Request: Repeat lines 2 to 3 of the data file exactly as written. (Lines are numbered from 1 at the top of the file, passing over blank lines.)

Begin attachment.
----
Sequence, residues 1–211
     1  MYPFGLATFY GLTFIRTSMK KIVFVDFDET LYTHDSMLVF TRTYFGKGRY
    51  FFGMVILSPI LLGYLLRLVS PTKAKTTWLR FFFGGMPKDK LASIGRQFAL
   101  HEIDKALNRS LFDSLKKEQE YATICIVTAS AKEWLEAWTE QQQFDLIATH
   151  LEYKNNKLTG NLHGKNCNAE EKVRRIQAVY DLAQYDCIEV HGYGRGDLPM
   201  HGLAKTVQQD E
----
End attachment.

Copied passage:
     1  MYPFGLATFY GLTFIRTSMK KIVFVDFDET LYTHDSMLVF TRTYFGKGRY
    51  FFGMVILSPI LLGYLLRLVS PTKAKTTWLR FFFGGMPKDK LASIGRQFAL